11) Display Unit: Books should be displayed in an attractive manner. Neat stacks of books are…neat, but they aren’t attractive. Little props that help books stand upright are great to provide height to the display. I’m going to brain storm other ideas to display books. I’ll let you know what I come up with.
12) Decorations: What decorative items can you add to a table to make the books more attractive? For my Nova Scotia – Life Near Water, I added sea shells, a glass starfish and smooth rocks to enhance the seashore theme. I also used a lovely crafted holder with a battery-operated candle. This display was organised on a Nova Scotia tartan placemat. I’ll brainstorm for more ideas for the next sale.
13) Which books were most popular? Children’s picture books. My lesson over the weekend was that children’s books are big sellers at craft sales. The first day I sold the last two copies on hand of Mystery Light in Cranberry Cove by Candy McMudd, and I think I could have sold several more. One need only look at the buyers at a craft show to see that the majority are women over forty who probably have grandchildren. Many women were looking for Christmas gifts for their grandkids and loved the idea of giving them books. This told me that I’d better get those two planned children books ready for next Christmas craft show season, as well as to stock up on Mystery Light in Cranberry Cove.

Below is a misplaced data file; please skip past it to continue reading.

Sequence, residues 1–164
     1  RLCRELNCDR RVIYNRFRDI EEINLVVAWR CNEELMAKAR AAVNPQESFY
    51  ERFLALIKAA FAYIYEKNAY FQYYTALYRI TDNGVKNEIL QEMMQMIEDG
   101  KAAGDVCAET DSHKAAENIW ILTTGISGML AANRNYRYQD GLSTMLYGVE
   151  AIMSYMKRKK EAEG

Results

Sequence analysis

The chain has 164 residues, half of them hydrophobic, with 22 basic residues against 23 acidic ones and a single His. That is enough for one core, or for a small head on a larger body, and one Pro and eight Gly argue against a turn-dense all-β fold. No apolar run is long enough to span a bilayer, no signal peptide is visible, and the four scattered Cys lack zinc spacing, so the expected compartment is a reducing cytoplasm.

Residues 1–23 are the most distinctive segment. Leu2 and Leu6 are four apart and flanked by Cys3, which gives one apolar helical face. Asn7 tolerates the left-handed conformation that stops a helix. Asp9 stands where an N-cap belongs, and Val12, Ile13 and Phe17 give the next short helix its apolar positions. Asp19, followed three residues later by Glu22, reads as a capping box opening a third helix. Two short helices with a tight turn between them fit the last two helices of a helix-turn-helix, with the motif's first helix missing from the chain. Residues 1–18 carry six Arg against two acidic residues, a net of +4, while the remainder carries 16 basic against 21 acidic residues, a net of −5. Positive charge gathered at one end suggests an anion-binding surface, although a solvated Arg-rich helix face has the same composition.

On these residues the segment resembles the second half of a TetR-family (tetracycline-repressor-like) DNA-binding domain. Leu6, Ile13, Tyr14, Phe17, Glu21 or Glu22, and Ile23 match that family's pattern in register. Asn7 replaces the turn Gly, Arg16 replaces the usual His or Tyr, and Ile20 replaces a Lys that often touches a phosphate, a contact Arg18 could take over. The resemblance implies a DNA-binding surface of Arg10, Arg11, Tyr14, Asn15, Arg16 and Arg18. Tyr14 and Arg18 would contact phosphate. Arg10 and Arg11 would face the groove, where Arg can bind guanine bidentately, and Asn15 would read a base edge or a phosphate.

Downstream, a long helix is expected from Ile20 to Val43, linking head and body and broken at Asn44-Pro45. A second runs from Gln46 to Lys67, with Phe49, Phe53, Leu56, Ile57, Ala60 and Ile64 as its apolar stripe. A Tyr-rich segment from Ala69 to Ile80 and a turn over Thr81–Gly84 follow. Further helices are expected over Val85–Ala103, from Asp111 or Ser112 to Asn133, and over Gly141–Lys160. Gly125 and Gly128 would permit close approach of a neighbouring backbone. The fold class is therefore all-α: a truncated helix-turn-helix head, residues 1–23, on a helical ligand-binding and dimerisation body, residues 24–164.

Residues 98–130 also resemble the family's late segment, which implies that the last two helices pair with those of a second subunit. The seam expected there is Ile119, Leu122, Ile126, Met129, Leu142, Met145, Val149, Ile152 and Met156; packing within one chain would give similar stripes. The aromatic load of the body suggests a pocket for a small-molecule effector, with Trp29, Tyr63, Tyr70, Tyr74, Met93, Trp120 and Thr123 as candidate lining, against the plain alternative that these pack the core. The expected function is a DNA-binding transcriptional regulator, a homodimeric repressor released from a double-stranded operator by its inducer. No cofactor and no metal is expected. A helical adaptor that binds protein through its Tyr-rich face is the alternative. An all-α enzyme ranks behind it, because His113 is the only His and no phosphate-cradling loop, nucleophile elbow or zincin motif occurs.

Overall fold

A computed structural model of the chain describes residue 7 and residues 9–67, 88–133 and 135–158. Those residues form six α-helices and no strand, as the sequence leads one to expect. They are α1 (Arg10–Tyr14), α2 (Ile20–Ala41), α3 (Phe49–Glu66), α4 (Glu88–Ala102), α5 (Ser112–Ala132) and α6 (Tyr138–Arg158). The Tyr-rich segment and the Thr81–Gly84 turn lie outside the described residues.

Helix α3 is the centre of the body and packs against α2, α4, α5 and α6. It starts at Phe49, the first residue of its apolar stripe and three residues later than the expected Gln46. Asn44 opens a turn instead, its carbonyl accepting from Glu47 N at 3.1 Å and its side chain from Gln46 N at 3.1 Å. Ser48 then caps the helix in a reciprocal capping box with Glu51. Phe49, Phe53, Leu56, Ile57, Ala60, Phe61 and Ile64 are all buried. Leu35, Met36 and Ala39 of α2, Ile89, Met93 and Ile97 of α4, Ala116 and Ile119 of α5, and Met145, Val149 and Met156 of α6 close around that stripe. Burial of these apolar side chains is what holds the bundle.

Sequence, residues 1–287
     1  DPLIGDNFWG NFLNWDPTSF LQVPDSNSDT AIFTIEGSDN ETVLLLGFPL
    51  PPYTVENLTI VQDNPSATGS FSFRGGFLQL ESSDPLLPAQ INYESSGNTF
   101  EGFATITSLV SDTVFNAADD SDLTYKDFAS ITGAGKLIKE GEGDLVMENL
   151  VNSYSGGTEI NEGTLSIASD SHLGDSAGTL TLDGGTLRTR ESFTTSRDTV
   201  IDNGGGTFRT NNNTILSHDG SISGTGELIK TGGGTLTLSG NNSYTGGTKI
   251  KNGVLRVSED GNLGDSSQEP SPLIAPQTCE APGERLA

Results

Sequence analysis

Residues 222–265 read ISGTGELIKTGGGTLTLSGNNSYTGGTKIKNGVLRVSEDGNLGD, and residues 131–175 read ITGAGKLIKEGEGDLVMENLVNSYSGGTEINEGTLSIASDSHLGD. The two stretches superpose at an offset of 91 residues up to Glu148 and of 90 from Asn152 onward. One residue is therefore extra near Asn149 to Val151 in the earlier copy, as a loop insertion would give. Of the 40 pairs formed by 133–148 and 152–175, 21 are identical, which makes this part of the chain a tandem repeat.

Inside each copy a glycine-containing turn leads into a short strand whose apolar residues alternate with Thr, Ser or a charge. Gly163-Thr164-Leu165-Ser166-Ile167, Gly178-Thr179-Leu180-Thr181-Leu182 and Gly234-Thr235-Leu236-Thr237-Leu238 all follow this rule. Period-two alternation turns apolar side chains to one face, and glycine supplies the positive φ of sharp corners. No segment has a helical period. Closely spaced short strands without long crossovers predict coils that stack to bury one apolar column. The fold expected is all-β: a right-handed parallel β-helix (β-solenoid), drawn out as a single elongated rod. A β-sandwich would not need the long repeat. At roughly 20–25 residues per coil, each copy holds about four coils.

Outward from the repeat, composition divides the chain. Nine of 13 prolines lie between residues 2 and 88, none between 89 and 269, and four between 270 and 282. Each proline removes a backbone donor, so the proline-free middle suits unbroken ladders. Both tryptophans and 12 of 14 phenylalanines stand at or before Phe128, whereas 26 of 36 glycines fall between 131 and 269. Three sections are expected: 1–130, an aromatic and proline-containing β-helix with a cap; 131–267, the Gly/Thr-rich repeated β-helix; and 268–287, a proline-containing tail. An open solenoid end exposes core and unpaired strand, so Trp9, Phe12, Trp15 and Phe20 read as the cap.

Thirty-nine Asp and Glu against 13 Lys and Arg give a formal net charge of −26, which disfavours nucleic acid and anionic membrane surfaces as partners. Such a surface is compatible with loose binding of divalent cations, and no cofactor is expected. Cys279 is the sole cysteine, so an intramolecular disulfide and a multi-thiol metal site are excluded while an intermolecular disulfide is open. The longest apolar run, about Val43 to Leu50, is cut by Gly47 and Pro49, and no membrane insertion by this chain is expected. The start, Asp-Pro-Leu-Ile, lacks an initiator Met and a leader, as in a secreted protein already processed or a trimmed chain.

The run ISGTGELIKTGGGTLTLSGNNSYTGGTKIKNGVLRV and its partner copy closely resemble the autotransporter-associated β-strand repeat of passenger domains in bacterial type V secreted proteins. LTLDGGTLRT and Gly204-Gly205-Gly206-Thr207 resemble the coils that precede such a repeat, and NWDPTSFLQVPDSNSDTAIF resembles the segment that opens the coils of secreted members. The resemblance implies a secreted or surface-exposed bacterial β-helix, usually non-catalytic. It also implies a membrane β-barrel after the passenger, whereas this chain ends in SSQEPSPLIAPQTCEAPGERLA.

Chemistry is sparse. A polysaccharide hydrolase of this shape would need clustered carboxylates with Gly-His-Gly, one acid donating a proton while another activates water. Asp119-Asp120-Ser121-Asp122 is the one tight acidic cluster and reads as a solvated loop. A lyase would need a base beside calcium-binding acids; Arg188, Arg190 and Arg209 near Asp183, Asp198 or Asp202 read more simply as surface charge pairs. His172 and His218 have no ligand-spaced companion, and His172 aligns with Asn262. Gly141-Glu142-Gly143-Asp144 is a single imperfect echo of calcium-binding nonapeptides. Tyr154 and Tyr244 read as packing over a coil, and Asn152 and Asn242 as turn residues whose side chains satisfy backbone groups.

What do you think? Have you sold books at a craft table or similar venue? What did you learn from the experience?